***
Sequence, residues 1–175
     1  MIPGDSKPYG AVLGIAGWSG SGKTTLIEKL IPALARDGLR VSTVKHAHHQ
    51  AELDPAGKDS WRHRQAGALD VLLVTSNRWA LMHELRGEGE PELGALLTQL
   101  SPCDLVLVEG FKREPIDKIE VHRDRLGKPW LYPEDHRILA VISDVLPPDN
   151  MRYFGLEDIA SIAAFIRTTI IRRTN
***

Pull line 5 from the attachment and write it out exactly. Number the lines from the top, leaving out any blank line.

   151  MRYFGLEDIA SIAAFIRTTI IRRTN